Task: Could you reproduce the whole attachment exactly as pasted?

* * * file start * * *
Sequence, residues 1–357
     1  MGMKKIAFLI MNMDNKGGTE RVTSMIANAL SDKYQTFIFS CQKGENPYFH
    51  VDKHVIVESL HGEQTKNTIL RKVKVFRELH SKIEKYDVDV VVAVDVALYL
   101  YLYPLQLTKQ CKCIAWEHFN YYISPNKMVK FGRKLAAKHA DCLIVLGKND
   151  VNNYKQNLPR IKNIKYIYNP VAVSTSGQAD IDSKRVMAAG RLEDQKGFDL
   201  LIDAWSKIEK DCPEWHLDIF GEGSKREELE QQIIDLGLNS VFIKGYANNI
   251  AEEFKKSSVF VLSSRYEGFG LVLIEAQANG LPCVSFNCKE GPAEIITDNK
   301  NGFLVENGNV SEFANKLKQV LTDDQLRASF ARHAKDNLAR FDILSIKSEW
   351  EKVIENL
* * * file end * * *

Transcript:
Sequence, residues 1–357
     1  MGMKKIAFLI MNMDNKGGTE RVTSMIANAL SDKYQTFIFS CQKGENPYFH
    51  VDKHVIVESL HGEQTKNTIL RKVKVFRELH SKIEKYDVDV VVAVDVALYL
   101  YLYPLQLTKQ CKCIAWEHFN YYISPNKMVK FGRKLAAKHA DCLIVLGKND
   151  VNNYKQNLPR IKNIKYIYNP VAVSTSGQAD IDSKRVMAAG RLEDQKGFDL
   201  LIDAWSKIEK DCPEWHLDIF GEGSKREELE QQIIDLGLNS VFIKGYANNI
   251  AEEFKKSSVF VLSSRYEGFG LVLIEAQANG LPCVSFNCKE GPAEIITDNK
   301  NGFLVENGNV SEFANKLKQV LTDDQLRASF ARHAKDNLAR FDILSIKSEW
   351  EKVIENL